Posted in Dead Presidents | Tagged , , , | 3 Comments

I Write Her Weekly Haiku/Senryu Challenge #27


Her sly supple skin
painted with welcoming words
I’m eager to read


(I follow a lot of poetry blogs and see various challenges floating around but this particular visual prompt by Bill Wadman got my attention, I assume the reason is obvious. I encourage all my readers to take up this IWH Haiku/Senryu Challenge . The deadline is Saturday.)


Posted in Poetry | Tagged , | 6 Comments

Astronaut Sonnet


Astronaut Sonnet

She floats in orbit
around the pole
wearing a skintight
see-through spacesuit.

She scans the club,
observing the primitives
who slip green paper
into her Möbius garter.

She doesn’t belong,
neither angel nor alien,
strutting eight inches
above the earth.

Marooned by her craft—
tethered to this dreary planet.

Posted in Poetry | Tagged , | 3 Comments

Hourglass Published


My poem Hourglass was published this morning on Olive Skins, a new online journal for surreal or abstract art. Check it out!


Posted in Poetry | Tagged | 11 Comments




Remember when we fought Nazis
instead of defending them?

Remember when we liberated concentration camps
instead of building them?

Remember when we welcomed refugee children
instead of jailing them?

The greatest generation is dying
and their grandchildren have become
the very evil they once saved us from.

(From this week’s Monday Poetry Prompt and current events.)


Posted in Poetry | Tagged | 6 Comments

Lake House


Lake House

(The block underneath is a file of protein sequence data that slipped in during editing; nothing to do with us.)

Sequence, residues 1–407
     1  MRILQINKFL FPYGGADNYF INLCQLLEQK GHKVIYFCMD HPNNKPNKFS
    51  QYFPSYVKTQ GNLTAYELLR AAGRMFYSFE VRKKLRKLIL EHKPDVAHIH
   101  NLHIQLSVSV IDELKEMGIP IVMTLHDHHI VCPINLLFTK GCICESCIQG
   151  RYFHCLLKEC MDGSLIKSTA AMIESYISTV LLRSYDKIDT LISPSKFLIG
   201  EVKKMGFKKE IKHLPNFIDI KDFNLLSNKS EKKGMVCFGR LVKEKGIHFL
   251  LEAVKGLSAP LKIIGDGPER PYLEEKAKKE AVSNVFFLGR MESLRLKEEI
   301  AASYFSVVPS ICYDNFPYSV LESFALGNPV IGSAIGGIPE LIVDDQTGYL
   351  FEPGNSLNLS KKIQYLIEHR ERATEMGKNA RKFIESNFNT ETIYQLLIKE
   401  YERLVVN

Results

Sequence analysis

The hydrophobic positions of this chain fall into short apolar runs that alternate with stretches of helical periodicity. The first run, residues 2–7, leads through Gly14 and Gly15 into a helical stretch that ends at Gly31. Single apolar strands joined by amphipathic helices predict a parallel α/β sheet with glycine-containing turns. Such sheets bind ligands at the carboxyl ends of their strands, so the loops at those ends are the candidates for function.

She lies in forest
Green fresh from rain
Living breath of earth
Cool summer morn

Mirrored in the lake
Spinning dawn ghosts
Light spilling over
Guarding mountains

She welcomes me back
Slipping her doors
With comfortable warmth
‘Round my frailty

No longer exposed
At last at home


(Twelve years ago I left this idyllic house on the shore of Manitook Lake, Granby, Connecticut.)


Posted in Poetry | Tagged , , | 7 Comments

Men at Work


Men at Work

Watching men work
their way down the bar,
talking to women,

The ladies play
with these Lotharios
like cats with mice.
I envy the prey.

I am alien here.
A poet lost
in a strange land,
observing the natives.

My best pickup line
might be: Does a rose
by any other name
smell as sweet?

To find intelligent intercourse,
to probe without protection,
Do you come here often,
is safer than sex.

I don’t belong here,
a little green poet
among men.


Posted in Poetry | Tagged | 2 Comments

Spring — Seventh Grade


The poet wearing his first pair of glasses

or Before my First Pair of Glasses

Trees were blobs of green
as I counted the days
to summer vacation.

Chalk on the blackboard
smudged meaningless
until called to the front
to diagram a sentence.

My teacher’s face — a blur
when she sat at her desk.
I would roll my eyes
from the back row
at her scolds and sermons.

If I couldn’t see her face,
how could she see mine?


(This was written in early April at a Living Poetry Germination Workshop to the prompt: Spring — Seventh Grade.)

Posted in Poetry | Tagged | 3 Comments